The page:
Initially, the unit will be connected to a characterization system for initialization or standards establishment. The characterization system is connected in a manner similar to that shown in FIG. 8., provides known reference conditions to the unit so that its performance can be mapped over a full range of operating conditions. Data collected during characterization is subsequently utilized by the transmitter software to provide a corrected output. The present unit facilitates the task of physically interfacing the meter body assembly, such as 21, to the characterization system which normally in the past has been a time-consuming, costly operation. This operation is facilitated by the utilization of the sanitary-seal configuration on meter body 11.
Referring again to FIG. 2, it should be noted that the tapered shape of the sanitary-seal connection provides self-centering to an associated slip-on flange, such as 18, and also to any other seal ring relative to the transducer. It is believed to be obvious from the foregoing that the meter body 21 in accordance with the present invention has a base module 11 including an industry standard quick disconnect sanitary-seal configuration that facilitates interfacing the meter body to a factory characterization system and also facilitating connection to other customer interfaces with readily manufacturable hardware. Utilization of a single module as taught by the present invention facilitates its utilization with many customer applications wherein the base transducer can effectively provide the traditional sanitary seal type of connection.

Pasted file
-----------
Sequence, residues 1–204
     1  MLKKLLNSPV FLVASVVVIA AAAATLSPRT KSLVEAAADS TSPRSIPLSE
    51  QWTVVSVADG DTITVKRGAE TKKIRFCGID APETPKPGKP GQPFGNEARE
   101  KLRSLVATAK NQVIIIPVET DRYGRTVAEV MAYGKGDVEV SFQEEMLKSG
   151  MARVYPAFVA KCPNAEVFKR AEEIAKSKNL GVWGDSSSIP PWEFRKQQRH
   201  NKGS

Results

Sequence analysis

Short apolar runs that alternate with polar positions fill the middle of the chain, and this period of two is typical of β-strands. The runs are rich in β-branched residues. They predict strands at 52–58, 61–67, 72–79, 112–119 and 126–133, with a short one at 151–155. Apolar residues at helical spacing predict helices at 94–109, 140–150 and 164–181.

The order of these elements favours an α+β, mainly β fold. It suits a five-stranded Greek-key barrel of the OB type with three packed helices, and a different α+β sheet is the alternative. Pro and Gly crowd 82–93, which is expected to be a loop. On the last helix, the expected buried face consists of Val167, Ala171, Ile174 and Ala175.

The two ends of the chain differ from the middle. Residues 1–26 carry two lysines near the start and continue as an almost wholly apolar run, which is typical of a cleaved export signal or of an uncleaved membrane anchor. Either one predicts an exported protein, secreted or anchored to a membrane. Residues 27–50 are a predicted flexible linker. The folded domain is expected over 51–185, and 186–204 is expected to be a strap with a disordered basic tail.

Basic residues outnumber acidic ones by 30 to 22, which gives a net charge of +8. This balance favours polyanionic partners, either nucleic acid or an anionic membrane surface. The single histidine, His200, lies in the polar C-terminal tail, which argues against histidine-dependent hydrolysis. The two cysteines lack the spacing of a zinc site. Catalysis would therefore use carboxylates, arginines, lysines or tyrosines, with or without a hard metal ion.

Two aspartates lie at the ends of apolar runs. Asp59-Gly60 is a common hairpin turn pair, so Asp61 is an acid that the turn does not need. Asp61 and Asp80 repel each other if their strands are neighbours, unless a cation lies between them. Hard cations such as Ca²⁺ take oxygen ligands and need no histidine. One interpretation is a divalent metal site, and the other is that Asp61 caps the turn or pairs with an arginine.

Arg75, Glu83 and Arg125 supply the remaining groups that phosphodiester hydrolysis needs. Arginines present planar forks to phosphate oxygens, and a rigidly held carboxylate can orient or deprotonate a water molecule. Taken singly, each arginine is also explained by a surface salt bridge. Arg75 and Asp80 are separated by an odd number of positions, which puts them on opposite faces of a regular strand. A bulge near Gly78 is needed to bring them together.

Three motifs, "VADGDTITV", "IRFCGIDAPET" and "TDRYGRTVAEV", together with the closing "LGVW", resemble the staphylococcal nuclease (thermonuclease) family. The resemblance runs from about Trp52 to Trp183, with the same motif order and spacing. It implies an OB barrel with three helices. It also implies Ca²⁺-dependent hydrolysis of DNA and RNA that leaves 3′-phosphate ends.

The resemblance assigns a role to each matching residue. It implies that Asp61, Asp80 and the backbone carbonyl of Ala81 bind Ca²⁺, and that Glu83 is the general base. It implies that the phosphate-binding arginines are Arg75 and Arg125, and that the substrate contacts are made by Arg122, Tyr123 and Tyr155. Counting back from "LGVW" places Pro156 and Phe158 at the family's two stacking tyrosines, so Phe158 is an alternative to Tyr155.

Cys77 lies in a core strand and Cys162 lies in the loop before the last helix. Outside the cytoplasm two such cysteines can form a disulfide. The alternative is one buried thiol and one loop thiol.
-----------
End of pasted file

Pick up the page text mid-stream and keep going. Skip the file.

The utilization of the meter body assembly 21 including a meter body, such as 11, in accordance with the present invention, is shown in FIGS. 5-10. In FIG. 5, meter body 11 is shown connected to a sanitary-seal configuration with a protective cover and flange mount 25.
In FIG. 6, meter body 11 is shown employed with a flush flange 34, cover 25 and gasket ring 32, secured by cap screw 35.
In FIG. 7, meter body is positioned by clamp 26 to flange mount 31 where it is held in place by means of screws 27 and includes an O-ring for the flange mount such as 25. A cap plug 36 is shown at the bottom.
FIG. 8 shows the utilization of meter body 11 with a GP/1 head and clamp, such as 26, secured to a GP/1 head, such as 24, by hex head bolts 28, secured by nuts 29. Again, cap plug 36 is employed at the bottom of the GP/1 head.
FIG. 9 shows an extended sanitary-seal comprising meter body 11 providing connections to adapter 39 and an extender support plate 38, extension tube 37, an extender sensor cover 36. Also utilized are "O" rings 22 and 23, and a sanitary-seal extension flange assembly 24. Also noted that at points W extending along the periphery of the assembly are locations for welds to be applied.